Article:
The Giant Norias of Hama – Magnificent Waterwheels of the Past

23 October 2010

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Their name translates from the Arabic as wheel of pots and for centuries the norias of Hama lifted water in to small aqueducts to irrigate the fields surrounding the Syrian city.  Today there are still seventeen of these magnificently engineered wheels left but are mostly for display purposes only, as it were.

Although there is evidence that there were Norias around the city during the Byzantine era which ended in 1453, the Norias of Hama date from the a little later.  It is thought that they were started in the Ayyubid dynasty in around the twelfth century and enlarged in the Mamluk era of the fourteenth. 

It was at this point that the Mamluk reconditioned, increased and enlarged the amount of Noria in the city as their influence grew.  At one point in what we call the medieval era there were over thirty waterwheels in the city which took water from the Orontes river.   The city must have seemed like a metropolitan oasis.

Each of the wheels can be anything up to 20 meters in diameter (close to 70 feet( and the river water is channelled in to a sluice on the wheel.  This flow then forces the wheel to turn and wood boxes raise the water upwards.  At the top of the wheel there is an artificial channel in to which the water is discharged.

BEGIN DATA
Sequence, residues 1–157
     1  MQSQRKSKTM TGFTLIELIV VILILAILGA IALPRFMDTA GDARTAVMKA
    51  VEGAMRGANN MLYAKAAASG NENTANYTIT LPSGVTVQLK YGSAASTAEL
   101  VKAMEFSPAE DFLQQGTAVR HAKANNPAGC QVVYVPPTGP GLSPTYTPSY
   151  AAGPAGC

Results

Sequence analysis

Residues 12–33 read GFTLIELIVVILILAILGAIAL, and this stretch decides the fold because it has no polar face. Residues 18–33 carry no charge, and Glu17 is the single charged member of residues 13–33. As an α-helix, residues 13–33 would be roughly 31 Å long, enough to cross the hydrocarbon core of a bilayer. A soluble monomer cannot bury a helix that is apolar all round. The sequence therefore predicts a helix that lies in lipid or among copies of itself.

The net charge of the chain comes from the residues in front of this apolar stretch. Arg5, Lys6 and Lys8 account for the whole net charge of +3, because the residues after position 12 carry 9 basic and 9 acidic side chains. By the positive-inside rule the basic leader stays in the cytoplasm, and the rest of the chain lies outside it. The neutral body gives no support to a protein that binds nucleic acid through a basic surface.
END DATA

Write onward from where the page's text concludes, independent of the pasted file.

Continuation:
Using gravity, the water then flows through aqueduct channels to either households or farms in the vicinity.  Just as math was used in the construction of the waterwheels so it was in working out the times at which people had access to the water.  As a precious commodity it was important that it was shared fairly.

There are no other mechanical processes involved in the purpose of a noria – the power it produces is not used to run a mill for example.  The undershot of the wheel has a rim consisting of a number of containers and they lift the water upwards.  Conceptually it is similar to the hydraulic ram.

The largest noria in Hama is the al-Mohamadiyya, the purpose of which was to supply the city’s Great Mosque with water and its aqueduct is still there – or at least part of it - it does end rather abruptly about one hundred meters away from the noria.  Work started on this greatest of the wheels in the fourteenth century, at about the same time as Dante wrote The Inferno.  It is the largest noria in the world.

The origins of the noria are obscure but it is thought that they were invented in India or the Hellenistic Near East in the centuries preceding the birth of Christ.  It is also believed that they were pivotal in the Muslim Agricultural Revolution which started in the eight century and lasted several hundred years.  Islamic Spain also used the noria and there are still a number there too.

The noria of Hama were almost industrial in their capacity.  The largest has 120 water collectors and was capable of delivering almost one hundred liters of water each minute to the aqueduct.  Although none of the larger noria are now in use they are being maintained by the Syrian government so that future generations can witness the ingenuity of centuries gone by for themselves.




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